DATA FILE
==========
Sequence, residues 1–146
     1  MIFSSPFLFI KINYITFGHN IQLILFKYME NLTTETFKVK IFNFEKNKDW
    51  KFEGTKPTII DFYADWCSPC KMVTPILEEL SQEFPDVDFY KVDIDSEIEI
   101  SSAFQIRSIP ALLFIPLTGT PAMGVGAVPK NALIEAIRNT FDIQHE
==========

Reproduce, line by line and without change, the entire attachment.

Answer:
Sequence, residues 1–146
     1  MIFSSPFLFI KINYITFGHN IQLILFKYME NLTTETFKVK IFNFEKNKDW
    51  KFEGTKPTII DFYADWCSPC KMVTPILEEL SQEFPDVDFY KVDIDSEIEI
   101  SSAFQIRSIP ALLFIPLTGT PAMGVGAVPK NALIEAIRNT FDIQHE